Glaucoma is sometimes referred to as the "silent thief of sight." Why? If glaucoma is undetected and left untreated, harmful damage to the optic nerve may cause irreversible damage affecting visual field loss that can ultimately lead to blindness. Glaucoma is the second leading cause of blindness after cataracts, in the United States. According to a 2020 census, approximately 3 million Americans have glaucoma and roughly 57.5 million people worldwide. There is no cure for glaucoma, only managed and monitored eye care.
What Are The Different Types of Glaucoma?
There are 2 main classifications of glaucoma: Primary Open-Angle and Primary Angle-Closure. However, did you know there are at least 8 additional types of glaucoma, but variations of open-angle or angle-closure types. Those 8 additional types of glaucoma are Normal-Tension Glaucoma, Secondary Glaucoma, Pigmentary Glaucoma, Congenital Glaucoma, Exfoliative Glaucoma, Neovascular Glaucoma, Uveitic Glaucoma, and Traumatic Glaucoma. Glaucoma may manifest in one or both eyes and the common symptom of glaucoma is increased ocular pressure inside the eye.
Who Is Typically Affected By Glaucoma?
Studies have shown that glaucoma is more prevalent in certain minority groups such as African Americans, Hispanics, and Asians. African Americans and Latinos have thinner corneas which is a risk factor for glaucoma. Hispanics are particularly susceptible to poor blood flow to the optic nerve as a result of damaged blood vessels from diabetes. Asian Americans have a higher incidence of Primary Angle-Closure glaucoma which is a more aggressive form of glaucoma that contributes to a large cause of blindness in China. Both genetic and environmental factors can impact ethnic groups' disposition toward glaucoma. Annual eye exams help with early detection and treatment regimens to control glaucoma to prevent vision loss.
What Are The Treatment Options For Glaucoma?
Treatment for glaucoma varies from medicated eye drops to laser treatment, and surgical interventions. Typically, glaucoma is treated with daily prescription eye drops to reduce internal eye pressure, reduce fluid production in the eye or promote better fluid drainage These drops can add up in cost with time and require vigilant patient compliance with the application of drops. Some side effects with glaucoma medication can appear as a stinging or itchy sensation, red eyes or red skin around the eyes, lower pulse rate, changes in energy, shortness of breath (especially with asthma), dry mouth, blurred vision, elongated eyelashes and darker pigmentation changes in iris color (especially with lighter color irises) and darker surrounding eye tissue. Always inform your eye specialist about other medications you are taking as they can interact with glaucoma medications.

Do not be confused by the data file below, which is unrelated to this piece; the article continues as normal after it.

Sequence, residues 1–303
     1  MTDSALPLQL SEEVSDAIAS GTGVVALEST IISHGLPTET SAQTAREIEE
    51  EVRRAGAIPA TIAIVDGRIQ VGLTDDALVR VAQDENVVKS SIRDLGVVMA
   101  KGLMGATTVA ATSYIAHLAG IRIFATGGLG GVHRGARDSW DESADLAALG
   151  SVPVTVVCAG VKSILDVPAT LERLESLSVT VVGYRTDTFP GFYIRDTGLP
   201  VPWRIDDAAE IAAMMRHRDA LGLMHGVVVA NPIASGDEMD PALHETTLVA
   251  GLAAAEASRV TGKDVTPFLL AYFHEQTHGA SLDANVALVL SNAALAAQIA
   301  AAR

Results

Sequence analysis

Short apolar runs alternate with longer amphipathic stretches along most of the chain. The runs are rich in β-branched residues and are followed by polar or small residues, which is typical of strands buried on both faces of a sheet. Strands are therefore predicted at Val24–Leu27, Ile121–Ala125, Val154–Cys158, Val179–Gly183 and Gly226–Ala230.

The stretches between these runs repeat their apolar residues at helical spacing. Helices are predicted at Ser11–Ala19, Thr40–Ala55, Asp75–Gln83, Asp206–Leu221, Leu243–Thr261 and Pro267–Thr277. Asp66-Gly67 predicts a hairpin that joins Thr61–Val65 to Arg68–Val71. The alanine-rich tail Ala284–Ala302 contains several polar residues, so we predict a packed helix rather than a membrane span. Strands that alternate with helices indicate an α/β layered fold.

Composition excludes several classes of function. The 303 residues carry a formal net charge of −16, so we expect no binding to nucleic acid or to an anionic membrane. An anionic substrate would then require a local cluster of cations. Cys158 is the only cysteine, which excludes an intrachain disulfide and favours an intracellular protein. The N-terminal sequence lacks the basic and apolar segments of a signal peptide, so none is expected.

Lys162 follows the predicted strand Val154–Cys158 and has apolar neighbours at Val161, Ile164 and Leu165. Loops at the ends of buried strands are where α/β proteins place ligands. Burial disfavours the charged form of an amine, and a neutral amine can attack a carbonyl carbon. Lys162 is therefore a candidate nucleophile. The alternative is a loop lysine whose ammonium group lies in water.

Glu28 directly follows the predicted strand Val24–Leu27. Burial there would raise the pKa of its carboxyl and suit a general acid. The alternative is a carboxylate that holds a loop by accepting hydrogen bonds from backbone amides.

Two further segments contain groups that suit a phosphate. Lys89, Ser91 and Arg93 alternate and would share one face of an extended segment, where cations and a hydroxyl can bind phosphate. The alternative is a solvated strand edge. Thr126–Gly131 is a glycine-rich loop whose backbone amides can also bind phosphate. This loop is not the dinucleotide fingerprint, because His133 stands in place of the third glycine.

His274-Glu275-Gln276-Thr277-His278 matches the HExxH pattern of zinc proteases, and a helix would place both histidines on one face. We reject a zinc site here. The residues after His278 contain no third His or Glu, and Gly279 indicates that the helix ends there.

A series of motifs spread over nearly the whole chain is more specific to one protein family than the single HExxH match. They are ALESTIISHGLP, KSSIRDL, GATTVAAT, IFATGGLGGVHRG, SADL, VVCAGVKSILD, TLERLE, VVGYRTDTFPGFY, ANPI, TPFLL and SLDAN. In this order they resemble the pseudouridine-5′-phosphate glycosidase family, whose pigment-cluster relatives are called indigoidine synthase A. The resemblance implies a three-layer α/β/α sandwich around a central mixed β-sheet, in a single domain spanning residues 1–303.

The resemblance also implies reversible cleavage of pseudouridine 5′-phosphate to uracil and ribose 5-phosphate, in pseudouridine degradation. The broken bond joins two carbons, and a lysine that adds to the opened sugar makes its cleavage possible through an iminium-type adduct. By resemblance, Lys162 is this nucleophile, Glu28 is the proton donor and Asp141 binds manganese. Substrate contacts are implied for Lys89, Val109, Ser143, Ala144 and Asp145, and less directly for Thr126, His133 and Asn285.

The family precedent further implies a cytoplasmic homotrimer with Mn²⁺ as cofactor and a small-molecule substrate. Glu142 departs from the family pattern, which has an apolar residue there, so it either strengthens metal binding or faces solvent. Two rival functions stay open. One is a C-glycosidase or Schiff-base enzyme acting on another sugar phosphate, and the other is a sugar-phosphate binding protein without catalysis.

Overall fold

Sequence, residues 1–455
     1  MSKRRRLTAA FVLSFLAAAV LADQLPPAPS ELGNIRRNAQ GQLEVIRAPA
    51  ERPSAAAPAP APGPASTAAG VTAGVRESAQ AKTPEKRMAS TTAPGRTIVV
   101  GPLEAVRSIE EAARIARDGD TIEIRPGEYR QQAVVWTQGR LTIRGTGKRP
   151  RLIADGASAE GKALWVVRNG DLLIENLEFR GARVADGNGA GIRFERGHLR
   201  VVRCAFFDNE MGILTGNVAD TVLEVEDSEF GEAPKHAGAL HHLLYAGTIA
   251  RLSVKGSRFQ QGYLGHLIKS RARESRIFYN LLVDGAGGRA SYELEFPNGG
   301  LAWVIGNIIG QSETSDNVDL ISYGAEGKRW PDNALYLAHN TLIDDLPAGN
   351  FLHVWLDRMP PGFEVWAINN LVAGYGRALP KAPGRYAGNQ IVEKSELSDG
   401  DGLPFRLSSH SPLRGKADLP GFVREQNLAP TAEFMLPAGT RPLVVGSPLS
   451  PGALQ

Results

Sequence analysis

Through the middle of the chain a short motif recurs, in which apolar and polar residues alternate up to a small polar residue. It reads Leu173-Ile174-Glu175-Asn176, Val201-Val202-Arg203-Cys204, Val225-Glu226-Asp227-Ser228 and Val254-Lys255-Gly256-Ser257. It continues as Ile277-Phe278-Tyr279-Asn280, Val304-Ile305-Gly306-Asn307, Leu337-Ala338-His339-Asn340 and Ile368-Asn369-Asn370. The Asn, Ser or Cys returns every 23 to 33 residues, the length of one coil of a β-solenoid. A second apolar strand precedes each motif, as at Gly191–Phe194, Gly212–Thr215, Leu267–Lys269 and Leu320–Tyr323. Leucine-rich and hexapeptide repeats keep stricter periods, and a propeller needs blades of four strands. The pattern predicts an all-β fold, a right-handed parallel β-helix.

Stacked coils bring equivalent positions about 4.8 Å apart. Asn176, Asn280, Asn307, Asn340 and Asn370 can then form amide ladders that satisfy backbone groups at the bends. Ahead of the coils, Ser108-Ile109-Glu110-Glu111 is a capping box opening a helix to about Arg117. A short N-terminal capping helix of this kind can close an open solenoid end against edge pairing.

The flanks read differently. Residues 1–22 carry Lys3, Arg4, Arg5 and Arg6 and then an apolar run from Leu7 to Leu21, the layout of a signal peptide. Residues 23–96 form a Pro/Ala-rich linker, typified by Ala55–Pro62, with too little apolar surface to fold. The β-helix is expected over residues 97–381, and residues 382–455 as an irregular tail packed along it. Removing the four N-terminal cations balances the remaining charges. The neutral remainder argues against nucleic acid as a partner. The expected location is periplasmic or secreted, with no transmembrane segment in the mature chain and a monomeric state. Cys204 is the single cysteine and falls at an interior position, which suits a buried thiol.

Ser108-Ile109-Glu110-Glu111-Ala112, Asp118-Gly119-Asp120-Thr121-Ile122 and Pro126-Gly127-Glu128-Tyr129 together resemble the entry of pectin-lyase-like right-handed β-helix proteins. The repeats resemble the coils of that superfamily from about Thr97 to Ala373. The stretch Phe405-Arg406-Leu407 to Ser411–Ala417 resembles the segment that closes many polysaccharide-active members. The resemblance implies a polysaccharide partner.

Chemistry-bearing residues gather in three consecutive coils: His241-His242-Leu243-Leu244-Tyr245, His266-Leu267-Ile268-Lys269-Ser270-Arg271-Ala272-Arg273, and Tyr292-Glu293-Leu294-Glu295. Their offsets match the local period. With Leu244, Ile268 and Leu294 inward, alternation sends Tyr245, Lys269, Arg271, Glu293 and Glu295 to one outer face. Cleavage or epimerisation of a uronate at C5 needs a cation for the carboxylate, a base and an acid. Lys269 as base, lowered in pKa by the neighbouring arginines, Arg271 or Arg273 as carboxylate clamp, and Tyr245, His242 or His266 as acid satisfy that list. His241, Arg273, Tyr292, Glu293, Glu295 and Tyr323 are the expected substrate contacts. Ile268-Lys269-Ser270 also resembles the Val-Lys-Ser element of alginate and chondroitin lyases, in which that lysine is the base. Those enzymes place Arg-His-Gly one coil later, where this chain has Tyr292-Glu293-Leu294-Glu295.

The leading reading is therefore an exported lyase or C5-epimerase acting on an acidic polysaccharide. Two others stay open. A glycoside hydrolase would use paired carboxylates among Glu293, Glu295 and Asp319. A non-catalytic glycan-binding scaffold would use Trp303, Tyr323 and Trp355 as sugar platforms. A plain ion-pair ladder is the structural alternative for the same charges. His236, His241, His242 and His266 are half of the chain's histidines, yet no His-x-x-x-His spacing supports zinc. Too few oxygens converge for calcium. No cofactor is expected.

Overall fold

Can Glaucoma Be Cured By Laser Treatment?
Laser eye treatment for treating glaucoma is popular and effective. There are two types of laser treatments: Selective Laser Trabeculoplasty (SLT) and YAG Laser Peripheral Iridotomy (YAG PI). Both the SLT and YAG PI are usually performed at an outpatient surgical facility. SLT treats primary open-angle glaucoma in the presence or absence of medicated eye drops. SLT helps control eye pressure by regulating fluid flow inside the eye. YAG PI treats primary angle-closure glaucoma with the laser creating a microscopic hole to facilitate fluid flow to the drainage angle. When the treatment of medications and lasers does not produce the desired results for managing glaucoma, the ophthalmologist may recommend incisional surgery in an outpatient surgical facility.
For Glaucoma Treatment in San Antonio, Trust San Antonio Eye Specialists
Don't neglect annual eye exams with eye specialists such as an ophthalmologist or optometrist to monitor and manage your glaucoma. San Antonio Eye Specialists is proud to be a leading provider of glaucoma treatment in San Antonio. Visit mySAeyes.com to schedule a comprehensive eye examination.